Predictably, Calvin Klein’s new juicy (talking about the fruit,) ads have made the drawn criticism.
Ever since Brooke Shields, who is now a cool mom, said nothing would come between her and her Calvins, Calvin Klein ads have always sold the sexiness, and many are true works of art.
Now there’s this ad photographer Harley Weir shot featuring 23-year-old Klara Kristin’s stare and a shot up her dress. The Caption: “take a peek.”
What’s the difference between art, self-love, and a woman’s beauty and creepy, pervy, exploitation? Who gets to decide? Sometimes the public. The Advertising Standards Authority responds and reviews complaints and has removal power. But really, it’s anyone’s ballgame. One commenter, (one of many,) said it, “reinforces anti-woman, pro-objectivity culture.”
By the way, a recent campaign (not overtly sexy) that didn’t make the news, but was of a very youthful looking model in a playground.
If an amateur photographer took a photo of this woman without her permission, as many who make the news do, then no, that’s not celebrating a woman’s bod, but this is not that.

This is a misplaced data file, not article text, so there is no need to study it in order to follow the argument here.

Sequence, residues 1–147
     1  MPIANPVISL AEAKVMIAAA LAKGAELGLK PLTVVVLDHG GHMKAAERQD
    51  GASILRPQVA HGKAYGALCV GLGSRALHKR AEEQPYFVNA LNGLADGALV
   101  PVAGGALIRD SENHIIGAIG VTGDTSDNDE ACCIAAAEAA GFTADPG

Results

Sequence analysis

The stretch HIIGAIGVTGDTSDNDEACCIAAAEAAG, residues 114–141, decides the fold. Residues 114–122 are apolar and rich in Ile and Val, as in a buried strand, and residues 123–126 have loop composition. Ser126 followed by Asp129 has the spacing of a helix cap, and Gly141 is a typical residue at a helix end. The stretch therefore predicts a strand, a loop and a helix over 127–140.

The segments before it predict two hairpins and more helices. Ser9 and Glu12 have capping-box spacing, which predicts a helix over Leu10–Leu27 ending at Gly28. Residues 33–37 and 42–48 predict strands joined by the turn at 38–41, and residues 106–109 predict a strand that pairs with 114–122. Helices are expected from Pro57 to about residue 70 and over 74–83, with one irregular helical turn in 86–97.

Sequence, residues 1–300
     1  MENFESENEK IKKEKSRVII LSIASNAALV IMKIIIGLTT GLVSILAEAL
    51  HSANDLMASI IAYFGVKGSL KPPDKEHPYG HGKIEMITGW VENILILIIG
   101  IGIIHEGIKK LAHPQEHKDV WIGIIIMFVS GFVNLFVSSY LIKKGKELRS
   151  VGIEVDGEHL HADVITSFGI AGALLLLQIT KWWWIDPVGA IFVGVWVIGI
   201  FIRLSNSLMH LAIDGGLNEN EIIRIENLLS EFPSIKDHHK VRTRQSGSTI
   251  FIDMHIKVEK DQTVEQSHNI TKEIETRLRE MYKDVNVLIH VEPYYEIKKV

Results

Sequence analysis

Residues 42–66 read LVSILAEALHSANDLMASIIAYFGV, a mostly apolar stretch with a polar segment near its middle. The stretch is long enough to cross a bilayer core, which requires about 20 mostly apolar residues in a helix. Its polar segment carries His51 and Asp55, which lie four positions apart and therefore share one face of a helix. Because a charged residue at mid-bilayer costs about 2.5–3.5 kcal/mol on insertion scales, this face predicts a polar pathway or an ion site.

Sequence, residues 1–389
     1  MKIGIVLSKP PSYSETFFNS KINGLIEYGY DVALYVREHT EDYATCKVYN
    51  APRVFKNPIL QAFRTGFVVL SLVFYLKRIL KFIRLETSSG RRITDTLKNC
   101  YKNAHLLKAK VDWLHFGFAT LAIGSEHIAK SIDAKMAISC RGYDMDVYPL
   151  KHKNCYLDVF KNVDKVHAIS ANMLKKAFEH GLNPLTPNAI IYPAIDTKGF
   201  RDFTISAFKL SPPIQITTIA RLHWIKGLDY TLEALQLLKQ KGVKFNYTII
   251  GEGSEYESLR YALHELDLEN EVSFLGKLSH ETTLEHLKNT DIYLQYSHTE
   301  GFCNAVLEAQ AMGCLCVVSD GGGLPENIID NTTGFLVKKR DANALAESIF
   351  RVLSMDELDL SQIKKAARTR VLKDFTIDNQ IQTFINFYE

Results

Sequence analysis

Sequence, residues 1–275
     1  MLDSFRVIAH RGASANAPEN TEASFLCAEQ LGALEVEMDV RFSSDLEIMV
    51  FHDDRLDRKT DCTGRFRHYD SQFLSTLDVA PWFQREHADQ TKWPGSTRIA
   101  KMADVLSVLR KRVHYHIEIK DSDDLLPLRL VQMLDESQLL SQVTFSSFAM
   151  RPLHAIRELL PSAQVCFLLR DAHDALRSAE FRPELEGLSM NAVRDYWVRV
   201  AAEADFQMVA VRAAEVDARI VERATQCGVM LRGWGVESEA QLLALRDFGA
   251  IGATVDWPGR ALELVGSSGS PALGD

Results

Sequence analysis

Previously, we’ve interviewed the woman who literally wrote the book on the image of women in ads, Jean Kilbourne, and she typically doesn’t favor women in silly poses, because men are never photographed like that.
“Calvin Klein is sending a message that the experiences of real-life victims don’t matter, and that it is okay for men to treat the woman standing next to them on the metro as available pornography whenever they so choose.”
It’s still up. The model defends it, calling out the policing of women’s bodies. “All this discussion about it makes me think about how alienated and scared some people are to the female human body. Be and love yourself and your sexuality #girlpower,” she wrote.
But to me, the difference between this Calvin Klein and that infamous American Apparel ad featuring a model obviously dresses ad a schoolgirl in a plaid skirt and cheerleader socks bent over from the perspective of the onlooker, is a HELLA different. Because with American Apparel, the subject is not aware of the gaze, the way a woman in a Modigliani painting is. Here, she looks at you. Plus the tag line is “I flash,” so the ad suggests it’s her prerogative to display expensive undies. But that’s me, and it’s all subjective. And what woman does in a selfie can never be stamped with that “desperate” stamp by someone else. What if it’s for her?